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Dear MOby,

Seems like almost every new motorcycle produced lately has a “slip-assist” clutch. Is that the same thing as a slipper clutch, and if not, what’s the difference? What gives?

Duke Snyder

Dial-up Modem


Another good question, and once again it’s Brian Gillen, MV Agusta Research and Development Director, to the rescue: While slipper and slip-assist might seem like the same thing, in reality they are different. The slipper clutch only reduces negative engine torque in trailing throttle situations (high-rpm downshifts), while the slip-assist does two things: It increases the clamping force under acceleration (allowing lighter clutch springs thereby reducing lever pull), and reduces negative engine torque under deceleration just like a typical slipper clutch.

A pioneer of the slip-assist clutch was the Italian clutch manufacturer Adler (Adige), with their APTC system. The first motorcycle to use it in production was Gas Gas, and it is now widely used by others including Ducati and Harley-Davidson.

What? I thought “slip-assist” was just marketing-speak for a slipper clutch, which we addressed a few weeks ago in Ask MO here?

BG: Close, but not quite: If you put lighter springs in a traditional slipper clutch it will slip under acceleration. The slip-assist APTC has a helix on the internal hub that basically screws the clutch together under power (augmenting the spring force) and unscrews under deceleration, effectively opening the clutch and allowing it to slip.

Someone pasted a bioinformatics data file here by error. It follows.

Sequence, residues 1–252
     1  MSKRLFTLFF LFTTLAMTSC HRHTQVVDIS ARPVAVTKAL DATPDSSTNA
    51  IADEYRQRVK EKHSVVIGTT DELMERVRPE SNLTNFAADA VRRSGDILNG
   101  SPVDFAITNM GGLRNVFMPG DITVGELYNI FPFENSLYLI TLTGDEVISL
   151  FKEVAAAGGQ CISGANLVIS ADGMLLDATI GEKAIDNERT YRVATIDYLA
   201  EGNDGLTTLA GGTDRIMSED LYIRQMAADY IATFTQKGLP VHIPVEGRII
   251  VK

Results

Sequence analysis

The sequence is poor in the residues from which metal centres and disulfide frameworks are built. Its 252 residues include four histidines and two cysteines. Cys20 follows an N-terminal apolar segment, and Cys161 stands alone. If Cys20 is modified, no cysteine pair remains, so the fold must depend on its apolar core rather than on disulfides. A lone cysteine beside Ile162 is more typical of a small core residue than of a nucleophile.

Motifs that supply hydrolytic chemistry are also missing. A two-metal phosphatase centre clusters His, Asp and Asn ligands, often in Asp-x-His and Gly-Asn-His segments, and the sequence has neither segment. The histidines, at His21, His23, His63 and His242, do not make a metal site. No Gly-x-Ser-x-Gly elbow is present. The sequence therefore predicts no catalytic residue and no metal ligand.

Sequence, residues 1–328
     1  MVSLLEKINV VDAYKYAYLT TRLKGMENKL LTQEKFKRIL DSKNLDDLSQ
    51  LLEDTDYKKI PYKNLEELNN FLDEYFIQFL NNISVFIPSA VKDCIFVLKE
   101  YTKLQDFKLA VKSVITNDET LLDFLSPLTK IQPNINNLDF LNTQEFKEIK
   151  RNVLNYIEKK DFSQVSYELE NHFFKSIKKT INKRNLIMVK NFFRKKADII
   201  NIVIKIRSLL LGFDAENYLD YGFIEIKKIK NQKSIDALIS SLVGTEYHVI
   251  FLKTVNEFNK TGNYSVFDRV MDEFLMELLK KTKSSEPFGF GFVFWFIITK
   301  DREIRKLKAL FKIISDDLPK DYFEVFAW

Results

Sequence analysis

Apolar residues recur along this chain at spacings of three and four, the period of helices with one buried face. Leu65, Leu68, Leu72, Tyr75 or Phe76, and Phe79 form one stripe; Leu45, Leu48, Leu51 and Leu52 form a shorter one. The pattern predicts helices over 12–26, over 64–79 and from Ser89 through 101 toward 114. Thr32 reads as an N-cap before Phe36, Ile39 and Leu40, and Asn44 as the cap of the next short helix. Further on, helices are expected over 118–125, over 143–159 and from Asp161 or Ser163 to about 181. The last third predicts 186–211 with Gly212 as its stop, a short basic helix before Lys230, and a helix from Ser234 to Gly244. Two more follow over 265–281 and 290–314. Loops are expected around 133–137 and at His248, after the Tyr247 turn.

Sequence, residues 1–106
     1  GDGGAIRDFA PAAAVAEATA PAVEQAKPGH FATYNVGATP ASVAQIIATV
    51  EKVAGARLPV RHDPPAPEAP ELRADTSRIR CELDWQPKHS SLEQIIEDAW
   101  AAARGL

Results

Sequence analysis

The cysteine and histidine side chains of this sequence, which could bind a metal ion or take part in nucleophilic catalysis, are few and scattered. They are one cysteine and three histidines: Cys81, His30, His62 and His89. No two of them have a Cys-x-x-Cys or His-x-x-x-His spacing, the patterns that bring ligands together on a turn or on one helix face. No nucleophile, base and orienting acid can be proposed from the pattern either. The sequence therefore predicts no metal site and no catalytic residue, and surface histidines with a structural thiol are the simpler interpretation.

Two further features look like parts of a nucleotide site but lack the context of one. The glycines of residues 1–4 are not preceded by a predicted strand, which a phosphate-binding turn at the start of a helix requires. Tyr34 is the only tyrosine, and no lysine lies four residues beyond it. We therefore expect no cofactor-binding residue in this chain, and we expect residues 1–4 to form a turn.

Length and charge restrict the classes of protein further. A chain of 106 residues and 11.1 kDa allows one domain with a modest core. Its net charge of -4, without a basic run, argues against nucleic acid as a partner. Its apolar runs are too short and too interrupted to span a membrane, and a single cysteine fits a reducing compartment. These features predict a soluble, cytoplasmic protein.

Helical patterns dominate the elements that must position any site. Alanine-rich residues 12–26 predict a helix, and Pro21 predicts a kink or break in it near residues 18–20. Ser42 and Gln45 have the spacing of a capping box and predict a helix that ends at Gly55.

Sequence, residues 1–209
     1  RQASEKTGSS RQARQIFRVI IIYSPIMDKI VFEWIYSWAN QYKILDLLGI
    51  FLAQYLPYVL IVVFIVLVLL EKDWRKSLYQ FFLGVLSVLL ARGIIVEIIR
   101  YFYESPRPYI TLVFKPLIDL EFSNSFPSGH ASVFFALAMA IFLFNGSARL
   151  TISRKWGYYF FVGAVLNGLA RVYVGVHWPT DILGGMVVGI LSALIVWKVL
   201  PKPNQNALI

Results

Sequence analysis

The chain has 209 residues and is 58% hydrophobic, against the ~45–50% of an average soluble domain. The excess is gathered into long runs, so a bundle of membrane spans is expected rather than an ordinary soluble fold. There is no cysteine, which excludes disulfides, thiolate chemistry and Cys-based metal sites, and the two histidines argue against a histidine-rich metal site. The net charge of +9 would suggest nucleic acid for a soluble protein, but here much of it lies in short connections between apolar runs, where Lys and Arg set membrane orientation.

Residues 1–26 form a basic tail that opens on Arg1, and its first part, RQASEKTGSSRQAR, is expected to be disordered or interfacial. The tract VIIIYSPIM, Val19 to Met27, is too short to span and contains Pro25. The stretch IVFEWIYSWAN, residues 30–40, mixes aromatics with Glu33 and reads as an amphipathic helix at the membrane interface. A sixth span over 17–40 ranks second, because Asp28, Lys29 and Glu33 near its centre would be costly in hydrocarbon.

The Star… excuse me, Yamaha video below provides a good visual of how its slip-assist clutch works, sort of, though I’m not seeing anything about the helix on the internal hub Mr. Gillen speaks of? Anyway, Yamaha may have been the first to glom onto the marketing possibilities of the slip-assist clutch for cruiser riders: 20% lighter pull at the clutch lever, less effort!, who doesn’t like that?

Not sure how long Harley has offered this one, the Screamin’ Eagle Twin Cam Performance Assist and Slip clutch kit, but it’s the same deal, designed for `14 and later CVO 110-inch engines. Harley says it provides significantly more torque-handling capacity, is “designed for improved engagement grip, and provides minor slippage during downshifting to reduce shock to the power train,” while reducing hand lever pull effort by over one pound. All with only three clutch springs.

Weird how long it took the ramp, discovered more than 8 million years ago by the ancient Protuberans (I made that up), to find its way into your clutch. Slipper or slip-assist, both provide great benefits for all riders at very little cost (unless your bike doesn’t come with one).


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